Saturday, February 25, 2012

Spring Cleaning

Spring Cleaning

It's Saturday 25th of February and the Spring has been well and truly with us for some time now here in Hibernia, the land of Winter as the old Romans called our Emerald Isle.  We were left outside the "Orbis Romanus" as the ancient Romans looked west from the British coastline and saw nothing but winter beyond the Irish Sea.  Coming from a Mediterranean climate one can understand their not going further West, because after all who could survive such winters as there were obviously in Ireland.  Be that as it may, this last month has been excellent weather wise here, with temperatures up to 15 and 16 degrees Centigrade almost daily, together with lovely sunshine.  The first crocuses, snowdrops and daffodils have already peaked their heads above the ground in my front garden.  The last two winters and early spring have been disastrously cold here in Ireland with temperatures dipping down to minus 15 - 19  degrees Centigrade below freezing.  There were never winters any colder than last winter in my life time which now spans some 54 years.  The last time Ireland reached such low temperatures was during the winter of 1947 apparently.  I can remember my late father Thomas Quinlan speaking about those freezing days.

Also I have been engaged upon some spring cleaning of my house and home.  For the last week I have had the painter and decorator in.  The place is beginning to look fresh and new again as it wears the hues of magnolia and brilliant white.  Today, I have spent some two hours going through old books in the attic in search of some books by Martin Buber and Paul Tillich which I need for some current work I have been doing at college.  I found the ones by the Tillich but not the ones by Buber.  However, I discovered many more books of interest, short classics from the pen John A. T. Robinson called Honest to God and But That I Can't BelieveRobinson was a major force in shaping liberal Christian theology, and along with Harvard theologian Harvey Cox, he spearheaded the field of secular theology.   The first of these books named, Honest to God caused controversy, as it called on Christians to view of God as the "Ground of Being" rather than as a supernatural being "out there". In his later books, he championed early dates and apostolic authorship for the gospels, largely without success.  The great Irish theologian Dr Dermot Lane introduced us to this author and happily I still have both books.  I will definitely re-read them when I get a chance.

Other books that I had to sift through in my above mentioned quest were books from the pens of such theologians as Karl Barth, Hans Kung, Edward Schillebeeckx New York Times Obituary (a theologian whose writings I have loved and found  both intellectually stimulating and existentially rewarding), John Henry Newman, Wilfred Harrington, Hans Kung, Bernard Lonergan, Karl Rahner and so on.  These books brought back memories of studying theology back in the 1980s.  I had consigned them to the attic as I had determined they had become somewhat useless to me and somewhat obsolete, given that I had moved on in life and had, somehow, gone beyond theology in my own life, preferring psychology and philosophy as being at once more existentially and cognitively challenging and  gripping.  And, yet still, I realise at once that none of us can deny any period in our lives, and especially any spiritual and intellectual nourishing that that and any other given period may have given us, without doing considerable damage to our identity.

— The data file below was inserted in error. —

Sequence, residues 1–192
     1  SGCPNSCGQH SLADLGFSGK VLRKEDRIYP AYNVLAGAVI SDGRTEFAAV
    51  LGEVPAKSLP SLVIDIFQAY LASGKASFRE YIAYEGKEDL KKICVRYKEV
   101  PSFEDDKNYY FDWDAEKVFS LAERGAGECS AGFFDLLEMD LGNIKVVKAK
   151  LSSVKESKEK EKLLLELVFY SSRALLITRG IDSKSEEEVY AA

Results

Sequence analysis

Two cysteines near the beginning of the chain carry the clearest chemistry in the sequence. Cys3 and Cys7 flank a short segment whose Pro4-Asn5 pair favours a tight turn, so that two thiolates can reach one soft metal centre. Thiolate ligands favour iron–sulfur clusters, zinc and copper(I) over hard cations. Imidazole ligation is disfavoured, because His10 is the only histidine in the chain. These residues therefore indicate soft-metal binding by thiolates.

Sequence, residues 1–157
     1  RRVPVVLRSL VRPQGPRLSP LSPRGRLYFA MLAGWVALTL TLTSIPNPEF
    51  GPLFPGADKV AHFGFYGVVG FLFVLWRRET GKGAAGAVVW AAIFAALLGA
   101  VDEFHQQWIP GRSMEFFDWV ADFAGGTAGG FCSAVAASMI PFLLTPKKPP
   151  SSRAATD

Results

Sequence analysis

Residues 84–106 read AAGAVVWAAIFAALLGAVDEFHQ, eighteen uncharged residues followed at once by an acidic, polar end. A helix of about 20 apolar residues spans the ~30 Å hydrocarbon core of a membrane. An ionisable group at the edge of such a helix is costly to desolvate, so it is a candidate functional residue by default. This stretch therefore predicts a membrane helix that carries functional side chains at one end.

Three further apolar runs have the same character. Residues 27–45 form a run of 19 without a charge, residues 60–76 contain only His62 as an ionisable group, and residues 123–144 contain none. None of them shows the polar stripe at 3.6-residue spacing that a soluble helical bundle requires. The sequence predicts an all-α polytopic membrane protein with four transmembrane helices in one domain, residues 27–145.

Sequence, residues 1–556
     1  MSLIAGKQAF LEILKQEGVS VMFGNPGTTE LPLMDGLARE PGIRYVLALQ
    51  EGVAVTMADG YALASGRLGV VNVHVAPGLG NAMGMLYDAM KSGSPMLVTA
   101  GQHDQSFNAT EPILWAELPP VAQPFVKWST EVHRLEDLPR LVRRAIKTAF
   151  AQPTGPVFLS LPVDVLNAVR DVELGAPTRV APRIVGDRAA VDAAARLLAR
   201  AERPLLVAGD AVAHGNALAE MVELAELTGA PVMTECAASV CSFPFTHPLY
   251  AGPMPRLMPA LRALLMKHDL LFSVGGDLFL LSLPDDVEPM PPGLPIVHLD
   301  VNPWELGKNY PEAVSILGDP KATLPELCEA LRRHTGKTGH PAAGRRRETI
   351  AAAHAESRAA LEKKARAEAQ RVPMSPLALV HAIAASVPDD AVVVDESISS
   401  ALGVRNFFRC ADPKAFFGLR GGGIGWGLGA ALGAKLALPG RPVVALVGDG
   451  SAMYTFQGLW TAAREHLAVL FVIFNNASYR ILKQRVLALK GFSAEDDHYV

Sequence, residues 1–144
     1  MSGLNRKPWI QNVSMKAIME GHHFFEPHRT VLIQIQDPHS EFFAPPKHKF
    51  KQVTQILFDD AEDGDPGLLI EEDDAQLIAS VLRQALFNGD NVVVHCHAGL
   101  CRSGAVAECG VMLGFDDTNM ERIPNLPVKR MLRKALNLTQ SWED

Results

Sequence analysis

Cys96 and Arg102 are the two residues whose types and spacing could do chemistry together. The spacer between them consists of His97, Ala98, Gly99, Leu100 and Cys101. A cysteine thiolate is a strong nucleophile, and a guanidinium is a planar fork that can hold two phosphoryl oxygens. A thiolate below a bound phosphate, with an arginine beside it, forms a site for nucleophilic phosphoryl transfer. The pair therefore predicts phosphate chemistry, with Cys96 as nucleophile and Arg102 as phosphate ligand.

Spring Cleaning as Metaphor

And so, I return to my opening paragraph which recounts a physical and real day-to-day act of cleaning and renewing.  Indeed external acts are always at another and deeper level metaphorical.  We cannot engage in outer cleaning and renewal without, indeed, doing so on an innermost level.  One of the things I am looking forward to is getting my lounge or sitting room refurbished, complete with some in-built bookshelves to house the better books in my collection of some forty or so years.  This will be another journey for me, to select what books from almost forty years of study and reflection to keep and what ones to pass on, or even perhaps to recycle in the green bin.  I remember some thirty or more years ago when I lived at home with my mother that once she remarked that I had far too many books and her fear was that should there be a fire we'd all be burnt up in the flames with those books.  I suppose I must now have several thousand books from courses in Theology, Philosophy, English Literature, Irish Language and Literature, Italian Language and Literature, Scripture, Theology, Mathematics, History, Education, Sociology, Psychology, General Science, Special Education, Psychology of Education and so on and so forth.  Anyway, being an inveterate reader has kept me out of trouble and out of harm's way over all those intervening years.  However, books do have a habit of clogging up the place.  Maybe, as my older brother Gerard always remarks, I should make more use of libraries.  However, I do make use of libraries to some extent.  Unfortunately also, Amazon has become one of my most favourite websites from which I can buy books at my ease.  Long live my pleasant addiction to books.

In short, any physical spring cleaning I have done today has been spiritually and personally enriching, reminding me of the paths I have trodden, the ways I have come and has encouraged me to keep right on being true to myself and to the search for deeper authenticity.  Happy Spring Cleaning to all my readers, and thanks for accompanying me along some the way!  Salve!